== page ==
Ah, ‘tis the season for a slew of new, cheaply, and quickly produced Christmas movies that celebrate the holiday spirit as long as that includes finding the man (or woman) of your dreams.
Let’s begin with why these movies are just the fucking worst. 90% of them perpetuate the ugly stereotype that in order to feel complete, a woman needs a man. There are those few where the double standard opens up on the other side of the street and we’re treated to a man that needs a woman (or a man) to feel complete, but, mostly, it’s lonely single ladies. Oh wait, that’s right…that’s the “feminist” twist: These ladies are not lonely spinsters sitting at home mourning their lack of a love life; no, these women are modern working girls (NOT hookers, though that would be a interesting take on the genre, I know you can do it Lifetime), who have full schedules thanks to their busy careers. Whose friends and loved ones often lament their lack of a significant other for them. But, once they find the man they never seemed to notice before another trope of these movies kicks in: The choice!
Yes, will the woman who has worked so hard in her given field, who has disappointed loved ones, or eschewed holidays to get ahead in the rat race, sacrifice her career for the love of her life!? And, no, this is not an exaggeration. This is genuinely how this plot twist plays out in, again, probably 90% of these movies. The job title may change – she’s a marketing whiz, a decorating whiz, a design whiz, etc. – but no matter what the position she’s presented with an eerily similar conundrum as her predecessors: Will she go for the big promotion/move or finally, finally put her personal life first and be with the man of her dreams (that she just met about 90 mins ago)? Mind you this life changing choice doesn’t just hinge on the man. It usually works out that if she leaves her corporate life she’ll have a local opportunity in her field because she’s still a modern working woman!
For the other 10%, we have Charles Dickens to thank. There are a lot of variations on A Christmas Carol. You also get Christmas “magic” thrown in for good measure. And of course, we can’t forget about the Santa stories – wherein Santa is either looking for a lady love, or helping another person find their love, because…you know…Santa wants all the holidays. Fuck you, Cupid.
Probably the weirdest part about all of these movies is that they take place at Christmas and not, say, a holiday that’s actually dedicated to people falling in love. Seriously, how the fuck did this trend not become a Valentine’s Day thing??? My best guess is because Valentine’s Day isn’t some asshole holiday that eats up the entire month in which it exists not to mention several months before (Lifetime started this shit in October). My other guess is because Christmas tends to be a TV wasteland – a lot of shows have their Winter Finales in early Dec. and don’t come back until January – this leaves people with a dearth of programming. It is nice to be able to turn on one channel and not only get new movies, but a slew of old ones you may not have been able to catch the first time they aired.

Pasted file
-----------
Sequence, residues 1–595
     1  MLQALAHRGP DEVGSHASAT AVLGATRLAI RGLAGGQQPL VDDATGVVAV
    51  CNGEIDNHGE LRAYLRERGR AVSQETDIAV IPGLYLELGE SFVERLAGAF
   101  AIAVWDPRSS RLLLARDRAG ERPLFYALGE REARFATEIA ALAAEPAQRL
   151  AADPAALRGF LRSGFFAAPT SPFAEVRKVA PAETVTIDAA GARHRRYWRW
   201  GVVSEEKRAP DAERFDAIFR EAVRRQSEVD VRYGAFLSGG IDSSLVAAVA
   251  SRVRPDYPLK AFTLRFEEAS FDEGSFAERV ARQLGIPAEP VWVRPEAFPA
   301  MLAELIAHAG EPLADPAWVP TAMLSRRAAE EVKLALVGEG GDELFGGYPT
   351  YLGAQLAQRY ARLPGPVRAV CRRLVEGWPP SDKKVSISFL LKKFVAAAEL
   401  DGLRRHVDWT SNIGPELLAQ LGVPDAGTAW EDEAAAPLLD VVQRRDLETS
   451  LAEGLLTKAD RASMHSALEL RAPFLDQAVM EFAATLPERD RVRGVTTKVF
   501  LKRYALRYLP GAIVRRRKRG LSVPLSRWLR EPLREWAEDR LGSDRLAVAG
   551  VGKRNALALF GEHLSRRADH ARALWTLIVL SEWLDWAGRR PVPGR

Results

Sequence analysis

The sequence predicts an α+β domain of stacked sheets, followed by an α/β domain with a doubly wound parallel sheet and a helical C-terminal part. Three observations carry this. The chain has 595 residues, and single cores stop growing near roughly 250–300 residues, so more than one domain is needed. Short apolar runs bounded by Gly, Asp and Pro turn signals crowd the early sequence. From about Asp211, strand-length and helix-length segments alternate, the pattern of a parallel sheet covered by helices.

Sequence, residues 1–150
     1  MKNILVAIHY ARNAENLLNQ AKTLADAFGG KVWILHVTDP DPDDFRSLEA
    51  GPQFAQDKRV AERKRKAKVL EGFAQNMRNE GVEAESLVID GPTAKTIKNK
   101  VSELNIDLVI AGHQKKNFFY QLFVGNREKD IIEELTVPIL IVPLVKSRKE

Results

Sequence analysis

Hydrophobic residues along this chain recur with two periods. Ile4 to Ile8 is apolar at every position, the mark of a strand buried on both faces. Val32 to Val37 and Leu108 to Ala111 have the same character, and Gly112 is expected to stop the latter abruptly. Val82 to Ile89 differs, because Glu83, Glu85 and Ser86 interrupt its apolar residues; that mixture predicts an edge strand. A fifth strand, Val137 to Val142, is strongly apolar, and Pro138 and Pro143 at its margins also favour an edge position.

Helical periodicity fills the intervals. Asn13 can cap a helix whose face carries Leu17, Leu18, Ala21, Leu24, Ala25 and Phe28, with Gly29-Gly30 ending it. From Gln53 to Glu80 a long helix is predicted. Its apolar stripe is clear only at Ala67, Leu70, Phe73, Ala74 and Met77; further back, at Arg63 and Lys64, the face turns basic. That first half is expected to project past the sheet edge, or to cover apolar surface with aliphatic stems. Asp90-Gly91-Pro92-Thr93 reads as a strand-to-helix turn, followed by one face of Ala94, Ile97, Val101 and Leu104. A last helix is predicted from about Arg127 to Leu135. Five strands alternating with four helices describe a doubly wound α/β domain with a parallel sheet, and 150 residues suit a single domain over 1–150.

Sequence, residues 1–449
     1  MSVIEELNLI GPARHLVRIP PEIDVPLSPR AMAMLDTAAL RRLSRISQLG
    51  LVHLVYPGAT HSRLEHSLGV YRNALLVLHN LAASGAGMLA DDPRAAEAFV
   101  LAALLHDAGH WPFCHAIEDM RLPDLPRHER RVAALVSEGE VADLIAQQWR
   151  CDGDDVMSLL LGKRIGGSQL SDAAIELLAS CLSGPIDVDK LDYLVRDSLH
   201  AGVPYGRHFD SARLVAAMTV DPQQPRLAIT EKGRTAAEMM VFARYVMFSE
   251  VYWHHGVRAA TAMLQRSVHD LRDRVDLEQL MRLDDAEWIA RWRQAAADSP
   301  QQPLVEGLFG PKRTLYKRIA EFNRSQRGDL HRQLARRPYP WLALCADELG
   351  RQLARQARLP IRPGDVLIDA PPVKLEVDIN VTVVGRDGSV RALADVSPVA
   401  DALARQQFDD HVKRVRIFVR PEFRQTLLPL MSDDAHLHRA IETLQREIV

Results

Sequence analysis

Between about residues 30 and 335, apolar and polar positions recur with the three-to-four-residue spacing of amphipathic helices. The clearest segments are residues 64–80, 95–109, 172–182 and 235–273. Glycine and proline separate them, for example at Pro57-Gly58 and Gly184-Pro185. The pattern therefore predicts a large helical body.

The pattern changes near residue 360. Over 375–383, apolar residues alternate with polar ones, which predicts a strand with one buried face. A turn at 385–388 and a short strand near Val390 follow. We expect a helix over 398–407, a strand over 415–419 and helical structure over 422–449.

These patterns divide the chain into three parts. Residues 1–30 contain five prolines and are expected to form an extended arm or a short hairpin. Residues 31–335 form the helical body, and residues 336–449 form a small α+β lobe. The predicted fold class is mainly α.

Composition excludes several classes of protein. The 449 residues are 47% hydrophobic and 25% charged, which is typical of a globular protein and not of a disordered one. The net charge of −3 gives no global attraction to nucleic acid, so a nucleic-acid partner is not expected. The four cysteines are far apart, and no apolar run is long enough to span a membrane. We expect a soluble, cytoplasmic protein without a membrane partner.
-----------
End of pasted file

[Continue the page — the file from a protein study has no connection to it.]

Now, in case you think I only hate these movies because of their anti-feminist bend, I’d like to also circle back to the fact that they are, inherently, bad. The plots are ridiculous, insanely predictable, the acting is often one-take, which is a shame, and the romances are…well…stupid. “I love Christmas…oh, you love Christmas too!? We should definitely make a lifelong commitment to each other based on our shared love of this one holiday and our brief time spent together celebrating it”, yeah, that sounds…sound. Mind you, most romantic comedies have a love story that is ridiculous. Not that some of these tales don’t incorporate more reasonable romantic roots – you’ve got your childhood friends or exes reconnecting, which I find a much more believable bedrock for a possible future together.
So, given all these flaws, what is it about these movies that I love? Why, every year, do I dedicate the majority of my weekend hours to watching them? Well, for one thing, as I said earlier, they are on. Do you have any idea how boring weekend TV is? It’s mostly movies you’ve seen a thousand times replaying on other stations, or, if you’re like me, you’re catching up on TV you missed during the week because of work or school. Once you’re done with that, or tired of the reruns, what else is there? And, it’s cold out. Mind you, I love the cold so I have no problem bundling up and going for a walk or out to shop, but this year especially, staying indoors is a must. Which leaves me with my original problem: what to watch?
These Christmas movies are great because they are pretty much always on. They also don’t require any real attention, because they are so predictable, you can start one, go live your life, come back and watch the end without really missing much. The leads will always get together, trust me; the how and why of it isn’t of much import. It is a nice level of reliability. Be it Lifetime, ION, or Hallmark, just to name a few, you’ve got something seasonal to watch. That’s another part of it: seasonal. Christmas movies are not shy about being Christmas movies. For someone who does the bare minimum decorating wise, it’s nice to see whole towns decked out. Trees, Santa, reindeer, cookies, snow, you name it they’ve got it. Hell, even the warmer towns get love – Pheonix, L.A., Tennessee, the south is not lacking for holiday spirit. And that brings me to possibly my most important point: traditions and the breaking there of.